The following sentence is probably wrong, grammatically speaking, but I am sure that I hear this or a similar
expression from time to time. Does "new grammar" agree on this usage ?

"We have a conference rooms on the 5th floor. We'll talk IN there at 3pm."

(We have rooms / a room.)

What would be the objection? That "there" cannot be object of the preposition because its not a noun? I think "in there" and "out there" are common constructions in all the romance languages. Sorry I don't know what it's called. - A.

Edit. Maybe I'm wrong about that. Maybe other languages are more like "there within" and "there without." "In" and "out" are probably adverbs. Edit. edit. Yes, my dictionary lists "in" as an adverb. I'm thinking, "Throw out the garbage," "Take in the washing from the line."
Thanks, A
rooms/a room is simply a typo.

I had some lessons on English grammar in the past (LONG past), but now I barely remember any specifics.

What I remember is (sorry for not able to be more clear)

"you don't put a preposition in front of "there" and "here" (don't know the proper terminology in this context)"

You say "we'll talk THERE", NOT "we'll talk IN there".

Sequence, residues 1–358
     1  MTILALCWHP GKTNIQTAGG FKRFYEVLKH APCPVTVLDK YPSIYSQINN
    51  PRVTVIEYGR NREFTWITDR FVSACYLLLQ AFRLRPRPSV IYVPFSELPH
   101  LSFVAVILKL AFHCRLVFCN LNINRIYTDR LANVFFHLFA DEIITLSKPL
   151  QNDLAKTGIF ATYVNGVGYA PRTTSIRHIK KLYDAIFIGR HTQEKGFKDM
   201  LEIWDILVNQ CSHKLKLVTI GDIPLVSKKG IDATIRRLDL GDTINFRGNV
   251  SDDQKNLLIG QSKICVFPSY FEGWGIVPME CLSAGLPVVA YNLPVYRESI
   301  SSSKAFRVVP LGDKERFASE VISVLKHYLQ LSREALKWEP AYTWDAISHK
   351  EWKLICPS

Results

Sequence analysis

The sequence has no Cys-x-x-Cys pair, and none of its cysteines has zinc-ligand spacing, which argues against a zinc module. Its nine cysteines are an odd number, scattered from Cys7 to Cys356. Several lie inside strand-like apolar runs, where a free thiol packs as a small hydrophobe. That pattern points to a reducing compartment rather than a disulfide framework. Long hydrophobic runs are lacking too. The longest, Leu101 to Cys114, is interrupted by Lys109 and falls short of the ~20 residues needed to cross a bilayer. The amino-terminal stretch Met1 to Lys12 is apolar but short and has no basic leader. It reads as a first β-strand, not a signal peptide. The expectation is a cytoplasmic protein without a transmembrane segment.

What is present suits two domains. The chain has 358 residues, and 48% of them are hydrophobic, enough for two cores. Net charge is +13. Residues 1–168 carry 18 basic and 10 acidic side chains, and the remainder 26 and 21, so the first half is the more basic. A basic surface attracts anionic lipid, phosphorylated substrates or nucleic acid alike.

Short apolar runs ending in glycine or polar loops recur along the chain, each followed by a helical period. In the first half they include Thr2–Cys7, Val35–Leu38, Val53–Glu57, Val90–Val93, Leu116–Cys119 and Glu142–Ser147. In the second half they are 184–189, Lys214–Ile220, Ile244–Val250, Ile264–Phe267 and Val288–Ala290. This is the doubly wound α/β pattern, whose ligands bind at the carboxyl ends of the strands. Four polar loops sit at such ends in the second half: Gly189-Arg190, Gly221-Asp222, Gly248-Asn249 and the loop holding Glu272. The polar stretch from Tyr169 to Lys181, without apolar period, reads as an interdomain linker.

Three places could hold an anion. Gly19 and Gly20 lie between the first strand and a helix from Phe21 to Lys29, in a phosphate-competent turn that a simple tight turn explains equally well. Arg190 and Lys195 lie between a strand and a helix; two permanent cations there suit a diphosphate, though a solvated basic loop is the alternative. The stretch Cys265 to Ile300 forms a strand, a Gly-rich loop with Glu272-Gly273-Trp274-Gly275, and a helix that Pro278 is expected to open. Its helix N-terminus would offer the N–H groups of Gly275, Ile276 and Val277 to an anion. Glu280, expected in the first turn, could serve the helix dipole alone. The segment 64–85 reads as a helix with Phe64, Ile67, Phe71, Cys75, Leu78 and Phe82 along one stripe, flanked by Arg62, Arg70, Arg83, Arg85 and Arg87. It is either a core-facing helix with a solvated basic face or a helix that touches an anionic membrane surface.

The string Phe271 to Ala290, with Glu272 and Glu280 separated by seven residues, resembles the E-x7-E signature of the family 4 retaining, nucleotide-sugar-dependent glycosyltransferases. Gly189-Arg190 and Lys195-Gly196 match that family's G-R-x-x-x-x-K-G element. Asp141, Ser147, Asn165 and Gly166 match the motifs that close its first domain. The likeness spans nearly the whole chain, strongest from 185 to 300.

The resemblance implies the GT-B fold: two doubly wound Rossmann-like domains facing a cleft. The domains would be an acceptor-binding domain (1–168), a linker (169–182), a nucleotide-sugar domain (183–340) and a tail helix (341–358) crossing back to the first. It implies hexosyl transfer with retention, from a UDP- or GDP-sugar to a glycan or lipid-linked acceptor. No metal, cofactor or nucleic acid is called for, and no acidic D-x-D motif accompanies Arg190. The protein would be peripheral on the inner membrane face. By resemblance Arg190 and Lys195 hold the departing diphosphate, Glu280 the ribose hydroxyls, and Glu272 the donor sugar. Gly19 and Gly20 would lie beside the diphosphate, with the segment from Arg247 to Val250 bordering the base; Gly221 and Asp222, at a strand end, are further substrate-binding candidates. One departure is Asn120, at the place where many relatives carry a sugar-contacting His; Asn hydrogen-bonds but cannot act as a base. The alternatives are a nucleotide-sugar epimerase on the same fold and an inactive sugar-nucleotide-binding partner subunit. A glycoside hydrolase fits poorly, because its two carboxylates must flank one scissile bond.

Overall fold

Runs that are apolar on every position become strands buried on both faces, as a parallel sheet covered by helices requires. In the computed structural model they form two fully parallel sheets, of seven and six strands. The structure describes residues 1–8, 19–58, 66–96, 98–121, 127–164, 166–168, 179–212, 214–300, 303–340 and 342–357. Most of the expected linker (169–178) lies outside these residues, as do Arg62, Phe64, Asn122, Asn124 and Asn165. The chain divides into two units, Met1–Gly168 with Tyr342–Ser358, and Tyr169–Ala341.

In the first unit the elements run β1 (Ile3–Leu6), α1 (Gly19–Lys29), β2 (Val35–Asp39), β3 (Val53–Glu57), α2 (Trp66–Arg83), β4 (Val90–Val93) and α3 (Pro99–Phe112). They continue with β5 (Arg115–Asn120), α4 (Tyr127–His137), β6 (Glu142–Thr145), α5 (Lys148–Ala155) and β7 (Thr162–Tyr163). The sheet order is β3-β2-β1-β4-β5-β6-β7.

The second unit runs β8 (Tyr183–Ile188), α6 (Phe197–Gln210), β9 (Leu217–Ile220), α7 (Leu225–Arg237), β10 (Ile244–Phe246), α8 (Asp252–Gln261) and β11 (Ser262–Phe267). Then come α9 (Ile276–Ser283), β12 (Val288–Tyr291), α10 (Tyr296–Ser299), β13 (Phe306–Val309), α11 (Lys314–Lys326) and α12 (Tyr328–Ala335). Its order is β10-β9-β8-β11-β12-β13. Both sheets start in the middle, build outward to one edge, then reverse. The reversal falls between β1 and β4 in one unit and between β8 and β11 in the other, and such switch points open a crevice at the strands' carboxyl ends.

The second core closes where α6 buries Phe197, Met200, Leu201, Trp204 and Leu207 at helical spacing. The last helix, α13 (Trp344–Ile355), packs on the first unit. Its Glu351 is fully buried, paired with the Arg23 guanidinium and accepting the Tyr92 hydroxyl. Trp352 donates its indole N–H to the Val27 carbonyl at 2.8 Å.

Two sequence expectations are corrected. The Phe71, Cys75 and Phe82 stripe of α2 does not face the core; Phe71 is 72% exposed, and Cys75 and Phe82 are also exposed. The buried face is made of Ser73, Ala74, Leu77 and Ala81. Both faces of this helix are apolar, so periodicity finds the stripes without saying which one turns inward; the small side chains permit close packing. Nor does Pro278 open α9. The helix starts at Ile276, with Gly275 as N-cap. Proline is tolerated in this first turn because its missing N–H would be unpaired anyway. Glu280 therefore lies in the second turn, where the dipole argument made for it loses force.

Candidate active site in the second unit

Are these two "there's" different, grammatically?
Students: We have free audio pronunciation exercises.
We're in the same boat. I'm remembering some of it from 60 years ago. Many things which were called "bad English" then are okay now.

I'd say that both there's are the same. I think it would be rediculous to take this usage away from us. At this point, I'm looking at it as two adverbs, "Put the box there, inside."

The funny thing is that "out" is not a preposition, so when we say, "Put the box out there," we're not breaking the "no preposition before there" rule, although they sound exactly the same.

Edit. I give up! "He fell out the window" is a preposition!

Is that all you have to say, Clive?
- A.
Students: Are you brave enough to let our tutors analyse your pronunciation?
No, I also want to say 'Good-night'.
Pleasant dreams.
- A.